The '2022 Global Nutrition Report: Stronger commitments for greater action’ sets out the role of accountability and its ability to transform action to tackle the nutrition crisis. It analyses the hard work underway and emphasises the role of every stakeholder to demonstrate why coordination is the only way we can deliver sustainable nutrition outcomes.
This year's report sets out the vital role of accountability and its ability to transform action to tackle this nutrition crisis that affects all. It analyses the hard work already underway through an unprecedented number of commitments made by governments, civil society organisations (CSOs), private sector businesses, donors and international organisations. It emphasises the unique and vital role of every stakeholder to demonstrate why collaboration and coordination is the only way we can deliver sustainable nutrition outcomes. And it highlights where greater effort both across the board and from specific actors is needed to ensure actions translate into impact.
Although the 2022 Global Nutrition Report analyses commitments made before the war in Ukraine, its emphasis on stronger commitments, accountability and action has a heightened significance in the face of the war’s impact on food and nutrition security globally. The need for stakeholders to step up and take action to mitigate these impacts and improve nutrition for all has never been more urgent.
Here is an overview:
Executive Summary: The 2022 Global Nutrition Report showcases the value of the NAF and the insights it can bring, which have the potential to significantly improve nutrition action, and analyses commitments registered under the NAF to date. It sets the baseline for monitoring nutrition actions and their impact. Crucially it serves as a call to action for all stakeholders in the global fight against malnutrition.
Chapter 1: The first global accountability framework for nutrition: Introducing the NAF and its critical role in monitoring nutrition action. This chapter presents long-standing challenges in commitment-making for nutrition and how the NAF strengthens accountability, with a focus on the Tokyo N4G Summit. It describes the NAF cycle: how it works, who can make commitments, what commitments are included, and how these are registered, assessed and published.
Chapter 2: Unpacking commitments made to the NAF in the Nutrition Year of Action: How stakeholders stepped up in the Nutrition Year of Action. Chapter two presents an overview of patterns in stakeholder representation, geographic and population coverage, alignment with the global nutrition targets, and response to Covid-19. It analyses the type of commitments using the Nutrition Action Classification System and their SMARTness using the Nutrition Action SMARTness Index.
Chapter 3: Governments: Tackling poor diets and malnutrition domestically. This chapter analyses government commitments and categorises their goals as enabling, policy or impact. Impact actions, their nature and focus, are explored in more detail. Countries are grouped by income and burden of malnutrition to better understand the differences in commitments made by countries with different economic and nutrition profiles.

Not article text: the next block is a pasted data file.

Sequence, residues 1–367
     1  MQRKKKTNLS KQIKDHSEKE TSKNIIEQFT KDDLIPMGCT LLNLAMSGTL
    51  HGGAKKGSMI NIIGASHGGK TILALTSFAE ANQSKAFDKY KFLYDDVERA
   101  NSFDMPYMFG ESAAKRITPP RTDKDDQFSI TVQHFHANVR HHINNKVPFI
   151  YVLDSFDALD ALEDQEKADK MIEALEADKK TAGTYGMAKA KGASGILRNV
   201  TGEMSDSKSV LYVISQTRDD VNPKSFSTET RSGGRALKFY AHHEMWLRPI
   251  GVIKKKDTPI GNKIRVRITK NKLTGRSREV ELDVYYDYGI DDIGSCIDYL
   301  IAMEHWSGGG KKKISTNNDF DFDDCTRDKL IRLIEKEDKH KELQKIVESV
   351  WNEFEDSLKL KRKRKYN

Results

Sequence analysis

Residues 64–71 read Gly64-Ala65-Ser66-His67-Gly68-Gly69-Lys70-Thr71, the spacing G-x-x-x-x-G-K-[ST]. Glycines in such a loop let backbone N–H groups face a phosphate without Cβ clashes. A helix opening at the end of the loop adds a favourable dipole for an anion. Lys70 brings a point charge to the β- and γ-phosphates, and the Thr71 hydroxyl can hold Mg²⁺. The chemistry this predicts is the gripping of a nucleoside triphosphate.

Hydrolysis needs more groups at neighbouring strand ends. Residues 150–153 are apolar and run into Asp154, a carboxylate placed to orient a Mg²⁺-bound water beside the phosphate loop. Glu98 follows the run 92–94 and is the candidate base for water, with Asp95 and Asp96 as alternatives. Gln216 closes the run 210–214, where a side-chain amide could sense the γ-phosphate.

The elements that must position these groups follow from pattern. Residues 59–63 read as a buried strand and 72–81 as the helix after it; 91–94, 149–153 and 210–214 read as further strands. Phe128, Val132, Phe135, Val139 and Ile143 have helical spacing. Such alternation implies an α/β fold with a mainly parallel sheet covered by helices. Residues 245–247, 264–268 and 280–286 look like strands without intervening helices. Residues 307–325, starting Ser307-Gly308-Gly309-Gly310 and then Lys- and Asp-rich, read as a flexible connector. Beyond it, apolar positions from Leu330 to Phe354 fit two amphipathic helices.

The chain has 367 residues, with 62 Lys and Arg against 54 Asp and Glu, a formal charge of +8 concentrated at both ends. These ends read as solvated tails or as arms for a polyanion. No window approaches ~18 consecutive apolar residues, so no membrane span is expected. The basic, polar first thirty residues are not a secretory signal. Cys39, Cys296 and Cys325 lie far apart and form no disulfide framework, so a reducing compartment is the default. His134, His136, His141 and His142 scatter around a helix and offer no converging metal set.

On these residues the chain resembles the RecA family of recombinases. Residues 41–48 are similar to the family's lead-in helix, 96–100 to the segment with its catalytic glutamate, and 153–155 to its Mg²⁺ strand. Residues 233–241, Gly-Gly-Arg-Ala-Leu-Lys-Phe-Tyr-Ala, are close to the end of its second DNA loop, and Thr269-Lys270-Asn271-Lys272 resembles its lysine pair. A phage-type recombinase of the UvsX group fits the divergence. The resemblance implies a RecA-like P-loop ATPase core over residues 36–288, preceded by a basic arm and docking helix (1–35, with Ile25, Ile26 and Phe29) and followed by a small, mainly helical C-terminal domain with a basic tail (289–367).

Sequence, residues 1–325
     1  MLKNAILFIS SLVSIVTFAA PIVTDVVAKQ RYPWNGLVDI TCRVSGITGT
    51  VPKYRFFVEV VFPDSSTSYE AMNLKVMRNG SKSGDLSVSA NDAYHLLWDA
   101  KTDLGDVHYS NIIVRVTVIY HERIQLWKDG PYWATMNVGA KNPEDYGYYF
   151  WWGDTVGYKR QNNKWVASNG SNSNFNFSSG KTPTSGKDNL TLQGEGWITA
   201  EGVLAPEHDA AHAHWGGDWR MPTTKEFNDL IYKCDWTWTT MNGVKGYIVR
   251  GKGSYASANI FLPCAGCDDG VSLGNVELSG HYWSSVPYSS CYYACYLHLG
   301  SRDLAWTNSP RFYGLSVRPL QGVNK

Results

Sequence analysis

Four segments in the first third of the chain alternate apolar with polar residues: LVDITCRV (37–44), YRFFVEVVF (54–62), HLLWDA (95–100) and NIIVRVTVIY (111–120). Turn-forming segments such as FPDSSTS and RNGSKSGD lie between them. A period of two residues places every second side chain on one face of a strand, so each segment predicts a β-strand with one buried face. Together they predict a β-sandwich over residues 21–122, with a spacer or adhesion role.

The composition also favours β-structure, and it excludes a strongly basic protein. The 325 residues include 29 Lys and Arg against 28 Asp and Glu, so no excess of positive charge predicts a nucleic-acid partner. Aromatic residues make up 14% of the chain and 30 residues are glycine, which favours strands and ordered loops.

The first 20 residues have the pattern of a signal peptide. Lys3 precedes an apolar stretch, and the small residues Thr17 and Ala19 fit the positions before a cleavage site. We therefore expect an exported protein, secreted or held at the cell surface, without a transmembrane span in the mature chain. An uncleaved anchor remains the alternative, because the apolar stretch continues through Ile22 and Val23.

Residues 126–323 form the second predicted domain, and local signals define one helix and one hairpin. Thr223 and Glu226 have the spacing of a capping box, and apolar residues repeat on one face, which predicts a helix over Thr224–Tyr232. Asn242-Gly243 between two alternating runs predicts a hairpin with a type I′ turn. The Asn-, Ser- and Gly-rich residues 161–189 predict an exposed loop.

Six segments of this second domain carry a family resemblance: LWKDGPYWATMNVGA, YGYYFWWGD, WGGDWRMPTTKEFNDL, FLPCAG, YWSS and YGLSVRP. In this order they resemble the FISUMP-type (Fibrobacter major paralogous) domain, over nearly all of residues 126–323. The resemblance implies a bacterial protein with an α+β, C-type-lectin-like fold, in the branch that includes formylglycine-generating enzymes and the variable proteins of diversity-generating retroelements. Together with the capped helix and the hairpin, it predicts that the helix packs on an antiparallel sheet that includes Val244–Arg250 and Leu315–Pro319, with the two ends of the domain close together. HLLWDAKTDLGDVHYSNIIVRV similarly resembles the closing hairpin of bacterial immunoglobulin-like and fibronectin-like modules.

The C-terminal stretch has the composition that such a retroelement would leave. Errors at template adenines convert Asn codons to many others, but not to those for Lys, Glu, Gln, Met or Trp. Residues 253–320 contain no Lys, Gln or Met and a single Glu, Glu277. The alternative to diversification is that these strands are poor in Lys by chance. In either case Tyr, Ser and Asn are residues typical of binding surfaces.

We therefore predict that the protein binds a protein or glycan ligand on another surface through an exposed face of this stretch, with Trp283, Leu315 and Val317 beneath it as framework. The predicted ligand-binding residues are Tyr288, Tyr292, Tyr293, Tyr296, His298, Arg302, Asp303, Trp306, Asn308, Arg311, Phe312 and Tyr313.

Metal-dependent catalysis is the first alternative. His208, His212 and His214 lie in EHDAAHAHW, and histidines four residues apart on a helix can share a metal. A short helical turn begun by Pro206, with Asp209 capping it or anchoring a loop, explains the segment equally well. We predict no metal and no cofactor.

Chapter 4: CSOs: Advocating for and supporting greater nutrition action:This chapter groups CSO commitment goals into enabling, policy and impact categories, and takes a deep dive into characterising their SMARTness. It also investigates the alignment of CSO commitments with the global nutrition targets.
Chapter 5: Private sector: A focus on internal policies to improve nutrition: Chapter five assesses the reach and geographical coverage of commitments made by private sector businesses, as well as their alignment with the global nutrition targets. It highlights the breadth of nutrition actions, with a focus on internal policies designed to improve nutrition.
Chapter 6: Donors: Financial resources and beyond: This chapter highlights the key role donors have in mobilising new financial resources, including in light of Covid-19, which has exacerbated the need for nutrition financing as well as their role beyond financing. It reviews the commitments donors made to mitigate the impacts of Covid-19 on food and health systems.
Chapter 7: International organisations including multilaterals: Chapter seven presents the global role of international organisations in the fight against malnutrition. As well as giving an overview of the commitments made, the chapter focuses on the SMARTness of commitments, highlighting areas for improvement. Finally, alignment with the global nutrition targets is presented, identifying areas requiring additional global efforts.
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